Honolulu (CNN) -- The Internet loves a list.
Lists spark conversation. They start fights. People see a list and come away asking questions: Why isn't my song on The Atlantic's list of "10 best songs about the subway." Or why is my state on Gawker's ranking of the "worst 50 states in America." (Their winner/loser: Arizona. Ready, set: debate.)
Lists, in short, "are awesome," as Buzzfeed's CEO put it in a memo earlier this year. That site, which is the undisputed king of the Internet list, is known for using rankings, lists and GIFs to make people read about all kinds of wacky topics they never would have cared about, or even imagined, before. As I'm writing this, the site has lists for "11 DIY recipes for your favorite '90s snacks," "29 insanely elaborate custom coffins from Ghana" and "4 delightfully sexist political ads from the '50s" on its homepage.
I'm not ashamed to say I totally would read that stuff.
But I want to push the idea in a new direction.
I'm heading up a new CNN project called Change the List. It aims to appropriate everything that's great about lists -- shareability, intrigue, digestibility -- to the end of creating change in some of the places that need it most.
For each project, we will start with some sort of ranking that deals with a pressing social issue. CNN will send me, your lucky guide to all things list-y, to the place at the bottom of the list. I'll report on what's going wrong, why the issue matters, and what could be done to help. Then I'll enlist (pun intended, sorry ...) you, CNN's dutiful readers, in a social campaign created to help bump that place off the bottom of the list.
It's a collective experiment in make-a-difference journalism.
The goal is that, together, we can change the list.
The first Change the List project focuses on voter participation in the United States. You may have heard there's this little election coming up in November? Despite the fact that pundits have been yacking about the race for years, and candidates are spending unprecedented dollars on attack ads, millions of Americans will wake up on November 6 and go about the day as if they weren't blessed with the opportunity to help decide the future of the world's pre-eminent democracy.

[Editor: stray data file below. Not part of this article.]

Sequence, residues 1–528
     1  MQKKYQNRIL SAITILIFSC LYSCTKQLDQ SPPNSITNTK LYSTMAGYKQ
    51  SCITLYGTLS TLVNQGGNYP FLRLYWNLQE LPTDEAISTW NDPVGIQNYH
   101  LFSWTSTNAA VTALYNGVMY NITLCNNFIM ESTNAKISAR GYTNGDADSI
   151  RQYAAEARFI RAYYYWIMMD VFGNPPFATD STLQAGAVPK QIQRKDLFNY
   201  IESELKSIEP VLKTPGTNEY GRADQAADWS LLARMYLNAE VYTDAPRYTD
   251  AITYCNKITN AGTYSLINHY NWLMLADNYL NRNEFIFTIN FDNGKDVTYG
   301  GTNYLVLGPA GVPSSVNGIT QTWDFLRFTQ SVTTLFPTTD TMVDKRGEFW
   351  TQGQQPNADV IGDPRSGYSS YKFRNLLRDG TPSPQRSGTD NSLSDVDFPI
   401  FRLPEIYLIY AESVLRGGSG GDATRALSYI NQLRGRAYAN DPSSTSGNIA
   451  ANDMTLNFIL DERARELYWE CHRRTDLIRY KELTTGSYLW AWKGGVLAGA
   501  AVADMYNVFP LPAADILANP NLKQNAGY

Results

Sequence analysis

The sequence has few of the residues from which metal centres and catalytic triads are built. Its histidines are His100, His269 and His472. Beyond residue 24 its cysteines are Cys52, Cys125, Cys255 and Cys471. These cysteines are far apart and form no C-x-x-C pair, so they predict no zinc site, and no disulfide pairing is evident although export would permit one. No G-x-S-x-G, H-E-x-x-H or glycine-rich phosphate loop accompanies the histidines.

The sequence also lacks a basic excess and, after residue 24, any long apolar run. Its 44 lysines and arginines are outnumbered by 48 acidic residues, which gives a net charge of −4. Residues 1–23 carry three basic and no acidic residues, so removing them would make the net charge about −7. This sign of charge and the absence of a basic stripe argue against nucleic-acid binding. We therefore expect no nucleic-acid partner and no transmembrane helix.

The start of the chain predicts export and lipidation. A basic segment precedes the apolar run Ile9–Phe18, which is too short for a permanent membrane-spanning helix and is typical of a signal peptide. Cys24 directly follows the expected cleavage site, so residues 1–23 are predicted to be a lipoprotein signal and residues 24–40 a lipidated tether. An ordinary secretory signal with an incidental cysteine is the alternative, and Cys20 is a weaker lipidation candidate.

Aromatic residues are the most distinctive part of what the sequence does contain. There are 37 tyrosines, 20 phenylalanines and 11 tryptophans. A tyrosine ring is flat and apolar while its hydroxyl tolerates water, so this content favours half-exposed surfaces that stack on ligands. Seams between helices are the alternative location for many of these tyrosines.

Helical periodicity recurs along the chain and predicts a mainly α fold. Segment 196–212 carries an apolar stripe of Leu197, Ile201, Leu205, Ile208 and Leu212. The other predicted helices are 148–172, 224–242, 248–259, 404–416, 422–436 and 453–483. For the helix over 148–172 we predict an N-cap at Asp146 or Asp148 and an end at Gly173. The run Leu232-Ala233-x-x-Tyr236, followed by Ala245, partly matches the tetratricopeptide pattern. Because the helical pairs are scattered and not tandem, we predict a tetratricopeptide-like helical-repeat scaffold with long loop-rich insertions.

They won't vote.
This is particularly true in Hawaii, where fewer than half the state's eligible voters cast a ballot in 2008. That's the case even though Barack Obama is Hawaii's (for-real, certifiable) native son. Hawaii, rather consistently, has the lowest voter turnout rate in the United States. Less than 49% of eligible people voted in the 2008 presidential election, according to data crunched by Michael McDonald from George Mason University. Compare that to the top state, Minnesota, where almost 78% voted.
I'm in Hawaii this week to look into why that's the case -- and to see what people there are trying to do to increase voter participation in paradise. The trip will include a meeting with Kanu Hawaii, a nonpartisan group that's going door to door to register first-time voters. Volunteers are uploading photos of these new civic participants -- the people who actually have the power to change the list -- to iReport. Photos submitted via Instagram and Twitter with the hashtag #changethelist also will pop up soon on this CNN page.
(If you've never voted, please make a pledge to do so here).
I'm also planning to visit the district with the lowest of the low voter turnout rates in Hawaii; a meeting with a homeless candidate who won the Republican primary for a U.S. House of Representatives race; and conversations with people in the state who don't vote because they say the United States is illegally occupying the islands.
When I get back, we'll try to create a conversation that could change the list -- that could bump Hawaii out of 50th place. Look for a stream of content on voter turnout between now and November, when I'll report back on our successes and failures.
The aim of Change the List, by the way, is not to shame the countries, cities or states that fall at the bottom of the lists. It's to seek understanding that could lead to solutions. No finger pointing here. Just action.
There's a fair chance the concept may leave you thinking something like this: "Hey, but won't another place fall to the bottom of the list when it's over?" Know that you're right. But I think of it this way: By trying to boost a place off the bottom of the list, we hope to raise standards for everyone.
For a primer on voting in Hawaii, also check out these links:
And if you have questions, please ask, either on social media or in the comments section on this post. I'll do my best to find answers.
Until then, mahalo!